Les Paul's birthday always puts us in a good mood here at Epiphone. The bard of electric guitar would have been 98 years old on June 9 and his influence, his energy, his sense of play, and his steadfast dedication to entertainment are still a big part of our lives here at the House of Stathopoulo. How many times in an average day does someone, somewhere on stage--in a recording studio, or on a blog--say the words: Les Paul
? We take our reputation for mixing tradition, value, and innovation seriously and so did Les.
The massive Les Paul estate sale held last year through Julien's Auctions
revealed that Les held onto everything---basses, drums, mandolins, and lots and lots of vacuum tubes along with heaps of recent Epiphone guitars. Up until the end of his life, Les was still sketching ideas, offering advice, and working on prototypes. It's obvious that Les loved his work. Everything in Les' collection was there for a purpose. He didn't require boutique-anything to get the job done. (Of course, if you were lucky enough to win a bid for one of Les' guitars at the estate auction, it probably had a hole in it).
If Les were here today, he’d say check out the Ultra III
, which is full of the kind of technical advances that Les put into his own guitars at home. The Ultra III features
an on-board tuner, Pro-Bucker™ pickups, a Shadow NanoMag™ low impedance pickup, and one-of-a-kind Native Instruments GuitarRig software along with USB and stereo outputs. Les' own modifications to factory-made Les Paul
s share the same spirit. People used to say Les was crazy to try to put all that stuff in one guitar. Crazy like a fox. Look at the auction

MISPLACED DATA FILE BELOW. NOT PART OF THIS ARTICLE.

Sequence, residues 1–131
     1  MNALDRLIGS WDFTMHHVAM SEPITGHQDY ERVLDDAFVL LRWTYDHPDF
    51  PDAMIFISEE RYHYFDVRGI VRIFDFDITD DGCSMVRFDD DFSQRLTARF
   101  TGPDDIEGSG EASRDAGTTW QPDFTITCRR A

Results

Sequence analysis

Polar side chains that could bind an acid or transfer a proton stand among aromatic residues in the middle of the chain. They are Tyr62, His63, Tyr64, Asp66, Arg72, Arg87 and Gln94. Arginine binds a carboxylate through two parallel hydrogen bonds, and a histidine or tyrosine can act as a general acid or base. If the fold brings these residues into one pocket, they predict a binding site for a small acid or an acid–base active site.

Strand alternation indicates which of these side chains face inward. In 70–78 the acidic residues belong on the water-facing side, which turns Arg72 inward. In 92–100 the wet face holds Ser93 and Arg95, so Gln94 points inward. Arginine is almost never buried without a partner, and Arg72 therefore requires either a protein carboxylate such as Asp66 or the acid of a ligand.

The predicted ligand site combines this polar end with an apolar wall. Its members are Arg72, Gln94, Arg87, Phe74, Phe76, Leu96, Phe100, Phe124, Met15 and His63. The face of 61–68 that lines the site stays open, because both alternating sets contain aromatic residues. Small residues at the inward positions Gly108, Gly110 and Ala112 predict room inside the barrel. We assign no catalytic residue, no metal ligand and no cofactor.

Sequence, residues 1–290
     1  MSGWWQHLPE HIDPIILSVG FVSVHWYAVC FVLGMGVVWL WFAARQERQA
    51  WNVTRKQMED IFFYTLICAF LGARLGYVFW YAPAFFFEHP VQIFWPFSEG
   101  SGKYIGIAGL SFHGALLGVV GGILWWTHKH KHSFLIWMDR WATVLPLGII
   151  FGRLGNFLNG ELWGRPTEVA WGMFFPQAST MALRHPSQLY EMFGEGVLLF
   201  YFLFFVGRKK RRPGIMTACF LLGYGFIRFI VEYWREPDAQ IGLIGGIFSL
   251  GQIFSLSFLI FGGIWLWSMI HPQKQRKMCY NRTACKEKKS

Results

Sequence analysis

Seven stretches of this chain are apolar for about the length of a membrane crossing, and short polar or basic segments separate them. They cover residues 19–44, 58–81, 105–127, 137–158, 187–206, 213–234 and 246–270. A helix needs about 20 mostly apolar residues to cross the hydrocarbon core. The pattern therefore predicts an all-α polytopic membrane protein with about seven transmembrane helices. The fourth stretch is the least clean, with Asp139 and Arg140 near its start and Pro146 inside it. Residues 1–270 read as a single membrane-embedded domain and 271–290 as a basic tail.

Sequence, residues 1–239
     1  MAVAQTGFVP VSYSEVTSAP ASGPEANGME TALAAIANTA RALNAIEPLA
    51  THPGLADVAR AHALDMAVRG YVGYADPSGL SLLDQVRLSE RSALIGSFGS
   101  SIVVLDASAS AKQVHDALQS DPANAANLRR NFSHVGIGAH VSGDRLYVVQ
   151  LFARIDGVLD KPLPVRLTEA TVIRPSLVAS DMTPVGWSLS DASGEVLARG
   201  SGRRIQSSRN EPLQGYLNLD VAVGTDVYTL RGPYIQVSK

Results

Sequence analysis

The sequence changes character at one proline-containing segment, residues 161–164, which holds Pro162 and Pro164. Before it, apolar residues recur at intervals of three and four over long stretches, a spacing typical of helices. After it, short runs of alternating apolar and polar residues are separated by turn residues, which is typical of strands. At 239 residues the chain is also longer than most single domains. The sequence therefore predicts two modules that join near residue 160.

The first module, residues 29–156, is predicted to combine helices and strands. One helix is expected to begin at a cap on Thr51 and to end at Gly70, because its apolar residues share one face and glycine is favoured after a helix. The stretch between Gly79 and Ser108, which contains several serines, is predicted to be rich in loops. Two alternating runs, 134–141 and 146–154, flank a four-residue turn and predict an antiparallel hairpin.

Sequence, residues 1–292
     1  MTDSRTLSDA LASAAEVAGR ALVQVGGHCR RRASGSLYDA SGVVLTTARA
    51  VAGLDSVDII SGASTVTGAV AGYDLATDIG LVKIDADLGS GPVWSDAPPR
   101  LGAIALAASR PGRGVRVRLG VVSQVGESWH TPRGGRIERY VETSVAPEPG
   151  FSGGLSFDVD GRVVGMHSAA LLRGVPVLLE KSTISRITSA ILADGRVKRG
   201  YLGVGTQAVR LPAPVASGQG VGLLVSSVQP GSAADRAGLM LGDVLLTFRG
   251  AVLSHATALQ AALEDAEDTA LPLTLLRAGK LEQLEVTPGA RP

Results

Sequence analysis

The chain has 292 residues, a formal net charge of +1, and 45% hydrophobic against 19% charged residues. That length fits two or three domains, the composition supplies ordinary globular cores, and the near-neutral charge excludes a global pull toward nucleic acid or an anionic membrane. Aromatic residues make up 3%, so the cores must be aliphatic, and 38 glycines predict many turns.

and you'll see that many of Les's own guitar modifications are right in line with the technical advances that have made Epiphone the
great success story of the last decade.
Les was a dynamo in his lifetime--arranging, thinking, tinkering, and breathing
music. There doesn't seem to be a single moment in 20th century pop music history that he didn't participate in. His stories could all be individual movie scripts on their own---driving to Oklahoma to check out Bob Wills and the Texas Playboys, carrying too-heavy Gibson amps through the streets of New York City with Charlie Christian, meeting Django Reinhardt, recording the Chester and Lester album with Chet Atkins
, picking up a live electrical wire in his studio and burning up virtually every muscle in his body, surviving a car crash and having the doctor set his right arm in a position so he could still pick, driving around Hollywood with Bing Crosby, looking for a place to build a studio before settling on his own garage, and jamming in the window of Epiphone's showroom in New York City by day and sawing archtops in half by night while sharing some amorgiano wine with Epi Stathopoulo
. And we haven't even mentioned Mary Ford, their pioneering tv show, the Les Paulverizer, the Les Paul trio, or multi-track recording.
The 1950s is when everything happened for Les. The Les Paul Goldtop, built in collaboration between Les and Gibson President Ted McCarty, was a truly revolutionary guitar in 1952. The Les Paul Goldtop
featured two P-90s pickups with a slightly arched maple top, a mahogany body and neck and a stunning gold finish that was easily recognized from a distance.
Virtually every major artist of the '50s at one time or another owned a Les Paul, including Muddy Waters, Carl Perkins, Freddie King, John Lee Hooker
, and even future acoustic guitar great Doc Watson. (Buddy Holly and Duane Eddy's first guitars were Les Pauls). It was modern. It was classy. It was familiar and strange all at the same time. And, it was loud!